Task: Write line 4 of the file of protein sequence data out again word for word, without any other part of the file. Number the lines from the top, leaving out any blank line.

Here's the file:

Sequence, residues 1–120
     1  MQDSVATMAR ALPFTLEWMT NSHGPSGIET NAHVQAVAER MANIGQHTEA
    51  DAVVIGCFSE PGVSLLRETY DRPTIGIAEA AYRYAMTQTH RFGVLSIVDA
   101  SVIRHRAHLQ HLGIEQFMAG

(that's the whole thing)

   101  SVIRHRAHLQ HLGIEQFMAG